Straczynski spent his childhood moving around the world every couple of months, usually whenever Charles needed to dodge creditors after a failed scheme that is get-rich-quick. But simply as things settled down when it comes to author after college, the book settles into a more comfortable pattern in its last half. If you’re interested in Straczynski primarily as a creator, this is when the material can get really interesting.
After kicking off his writing career as a freelance journalist, Straczynski moved through the worlds of TV, comic books and have films, where his credits include “the zone that is twilight (1986), “Murder, She Wrote,” “Rising Stars,” “Spider-Man,” “Changeling” and “World War Z.”
Each chapter tells the storyline of a different show, in addition to behind-the-scenes tales are amusing and informative for anyone who had been ever curious about the way the entertainment industry sausage gets made. In the last three decades, Straczynski has crossed paths with George R.R. Martin, Angela Lansbury, Ron Howard, the Wachowskis and a veritable “who’s who” of genre film and television.
If those names mean almost anything to you, “Becoming Superman” is an easy sell; if not, you may still enjoy a glimpse into Straczynski’s creative process. He discusses the fine points of writing for animation, live-action TV, comic books and show films, in addition to how he faced the difficulties inherent in each genre. Despite the fact that shows like “the true Ghostbusters” and “Captain Power while the Soldiers for the future” were a little before my time, the chapters about them were probably my favorite in the book.
Straczynski along with his writing crews took “Ghosbusters” and “Captain Power” extremely seriously, even though the series were ostensibly just tie-ins to sell toys. Each program had character depth, setting consistency and narrative continuity, and Straczynski staked his reputation on keeping these reveals that way.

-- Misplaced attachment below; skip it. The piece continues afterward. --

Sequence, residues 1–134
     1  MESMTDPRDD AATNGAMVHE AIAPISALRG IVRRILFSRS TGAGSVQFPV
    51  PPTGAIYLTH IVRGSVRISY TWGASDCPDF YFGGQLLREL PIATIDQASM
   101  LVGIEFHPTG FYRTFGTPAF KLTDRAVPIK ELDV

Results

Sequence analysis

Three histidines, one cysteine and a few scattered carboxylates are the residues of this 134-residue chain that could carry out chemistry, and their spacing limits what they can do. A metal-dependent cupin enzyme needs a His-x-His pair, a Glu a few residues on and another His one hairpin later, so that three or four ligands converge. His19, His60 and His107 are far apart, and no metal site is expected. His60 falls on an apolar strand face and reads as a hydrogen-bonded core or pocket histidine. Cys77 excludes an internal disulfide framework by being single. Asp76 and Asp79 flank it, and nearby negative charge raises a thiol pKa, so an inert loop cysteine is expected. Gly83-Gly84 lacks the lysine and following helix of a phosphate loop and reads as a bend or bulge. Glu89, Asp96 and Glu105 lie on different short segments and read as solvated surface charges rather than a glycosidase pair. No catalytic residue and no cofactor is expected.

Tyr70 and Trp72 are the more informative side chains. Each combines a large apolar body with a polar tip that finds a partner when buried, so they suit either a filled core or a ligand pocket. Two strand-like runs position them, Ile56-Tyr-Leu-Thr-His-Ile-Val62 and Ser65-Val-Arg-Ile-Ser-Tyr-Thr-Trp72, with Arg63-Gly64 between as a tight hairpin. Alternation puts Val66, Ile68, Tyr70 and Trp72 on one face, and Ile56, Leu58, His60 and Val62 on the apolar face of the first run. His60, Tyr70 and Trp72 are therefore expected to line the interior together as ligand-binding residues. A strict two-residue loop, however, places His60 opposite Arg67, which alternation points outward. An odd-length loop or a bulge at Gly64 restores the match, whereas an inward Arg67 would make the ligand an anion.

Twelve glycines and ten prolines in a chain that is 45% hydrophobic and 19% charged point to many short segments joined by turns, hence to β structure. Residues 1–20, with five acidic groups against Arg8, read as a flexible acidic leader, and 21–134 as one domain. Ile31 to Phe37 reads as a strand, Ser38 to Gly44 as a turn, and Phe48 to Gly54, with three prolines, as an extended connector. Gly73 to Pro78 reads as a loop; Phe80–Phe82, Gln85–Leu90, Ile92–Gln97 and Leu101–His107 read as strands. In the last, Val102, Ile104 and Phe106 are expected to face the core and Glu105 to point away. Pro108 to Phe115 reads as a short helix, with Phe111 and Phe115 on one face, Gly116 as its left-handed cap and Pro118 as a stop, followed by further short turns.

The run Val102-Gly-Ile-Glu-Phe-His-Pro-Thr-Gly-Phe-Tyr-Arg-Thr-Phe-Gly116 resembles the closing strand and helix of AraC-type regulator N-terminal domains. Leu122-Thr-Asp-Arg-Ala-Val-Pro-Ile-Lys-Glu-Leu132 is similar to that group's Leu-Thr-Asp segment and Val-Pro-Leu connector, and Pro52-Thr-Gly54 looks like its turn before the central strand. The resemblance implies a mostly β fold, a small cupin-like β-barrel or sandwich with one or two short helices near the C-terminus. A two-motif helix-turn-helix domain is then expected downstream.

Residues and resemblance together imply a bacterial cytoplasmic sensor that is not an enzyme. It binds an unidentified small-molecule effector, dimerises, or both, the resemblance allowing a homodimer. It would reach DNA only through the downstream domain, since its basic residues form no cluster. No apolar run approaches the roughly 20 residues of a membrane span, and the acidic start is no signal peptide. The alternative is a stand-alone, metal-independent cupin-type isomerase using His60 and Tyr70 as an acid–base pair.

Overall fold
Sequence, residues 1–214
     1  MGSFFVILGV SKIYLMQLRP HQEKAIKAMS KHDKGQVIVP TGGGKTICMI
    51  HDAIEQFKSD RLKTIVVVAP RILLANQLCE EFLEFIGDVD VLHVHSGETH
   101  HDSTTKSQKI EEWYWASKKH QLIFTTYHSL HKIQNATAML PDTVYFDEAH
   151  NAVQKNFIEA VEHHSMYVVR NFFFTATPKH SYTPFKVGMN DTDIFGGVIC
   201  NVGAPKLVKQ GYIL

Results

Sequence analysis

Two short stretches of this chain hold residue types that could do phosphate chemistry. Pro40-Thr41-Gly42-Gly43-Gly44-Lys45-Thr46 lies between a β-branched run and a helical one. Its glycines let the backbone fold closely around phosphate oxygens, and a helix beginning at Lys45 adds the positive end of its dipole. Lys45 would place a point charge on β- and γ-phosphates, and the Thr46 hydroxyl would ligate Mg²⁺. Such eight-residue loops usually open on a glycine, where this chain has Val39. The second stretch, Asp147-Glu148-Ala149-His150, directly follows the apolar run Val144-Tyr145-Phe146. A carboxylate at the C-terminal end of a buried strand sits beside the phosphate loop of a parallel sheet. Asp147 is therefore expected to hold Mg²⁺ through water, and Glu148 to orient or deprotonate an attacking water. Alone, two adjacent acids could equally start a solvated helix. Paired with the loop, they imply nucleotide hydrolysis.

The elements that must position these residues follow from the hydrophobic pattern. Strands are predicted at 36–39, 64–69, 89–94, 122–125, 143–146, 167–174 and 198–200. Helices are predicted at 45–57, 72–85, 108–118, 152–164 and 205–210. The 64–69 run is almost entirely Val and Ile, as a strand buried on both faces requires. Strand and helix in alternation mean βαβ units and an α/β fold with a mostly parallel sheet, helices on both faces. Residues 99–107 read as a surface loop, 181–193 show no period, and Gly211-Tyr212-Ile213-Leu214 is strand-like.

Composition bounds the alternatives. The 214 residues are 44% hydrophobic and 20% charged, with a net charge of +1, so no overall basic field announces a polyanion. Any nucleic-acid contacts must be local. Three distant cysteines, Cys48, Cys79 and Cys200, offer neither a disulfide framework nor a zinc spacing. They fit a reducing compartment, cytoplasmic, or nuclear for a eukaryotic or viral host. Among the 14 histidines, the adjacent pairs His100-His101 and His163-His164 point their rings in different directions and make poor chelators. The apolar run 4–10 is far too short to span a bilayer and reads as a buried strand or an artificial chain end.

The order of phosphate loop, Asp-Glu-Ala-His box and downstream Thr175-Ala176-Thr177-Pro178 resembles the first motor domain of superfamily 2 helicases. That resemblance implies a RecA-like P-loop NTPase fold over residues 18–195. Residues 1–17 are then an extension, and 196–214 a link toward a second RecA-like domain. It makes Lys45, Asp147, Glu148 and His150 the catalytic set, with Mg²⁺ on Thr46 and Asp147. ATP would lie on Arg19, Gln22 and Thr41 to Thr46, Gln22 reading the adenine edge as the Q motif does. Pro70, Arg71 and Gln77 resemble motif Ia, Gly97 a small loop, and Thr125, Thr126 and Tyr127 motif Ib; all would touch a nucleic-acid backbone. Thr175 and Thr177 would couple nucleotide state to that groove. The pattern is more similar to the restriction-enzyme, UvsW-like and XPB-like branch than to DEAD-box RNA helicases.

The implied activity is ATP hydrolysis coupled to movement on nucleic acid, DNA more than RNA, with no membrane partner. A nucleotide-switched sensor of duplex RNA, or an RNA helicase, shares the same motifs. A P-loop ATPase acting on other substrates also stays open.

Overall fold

Of course, most readers who does walk out their option to read a Straczynski memoir are probably acquainted with one (or both) of the press the site TV that is major that he created: “Babylon 5” and “Sense8.” Those shows get lots of attention, particularly toward the end regarding the book.
“Becoming Superman” isn’t exactly a tell-all; you’re not likely to learn any juicy information that you didn’t already fully know, or suspect, about what went on behind the scenes. But you’ll get a thorough explanation of how each show came to be — and how network that is powerful almost stopped “Babylon 5” dead with its tracks. (Netflix seemed a bit more creator-friendly, at least up until it canceled “Sense8,” despite fans’ vociferous objections.)
In all honesty, I expected “Babylon 5” and “Sense8” to take up a big chunk regarding the book — and, even though I would have been thrilled to find out more about them, i am glad which they did not. There is a propensity to concentrate on a creator’s wins and minimize his / her losses. But, as Straczynski himself points out in the book, every section of his career shaped who he is as a writer, so that as a person.
Walking away from a dream gig on “the Ghostbusters that is real just like important as watching “Jeremiah” crumble, which paved the way to writing the storyline for the “Thor” film. If Straczynski seems like a success that is massive it is only because he is been happy to endure a great deal failure on the way.
I would be delighted to be wrong), I don’t think that “Becoming Superman” is going to become the next “hardscrabble-child-becomes-celebrated-adult” bestseller, а la Tara Westover’s “Educated” (Random House, 2018) if I had to guess (and. Straczynski’s book is a touch too self-effacing, a little too fun as well as perhaps just a little too niche to attract an enormous mainstream crowd.
For fans of Straczynski’s work, though, that is a thing that is good. There is a feeling in “Becoming Superman” that you aren’t just listening to a stranger rattle off his life story. It is a lot more like a casual acquaintance opening your responsibility over a few beers, and after that you realize there was clearly a good reason you liked this guy right away.
So come for the favorite sci-fi characters, stay for the family that is intriguing, and learn a thing or two about how precisely great writers can come from unlikely origins.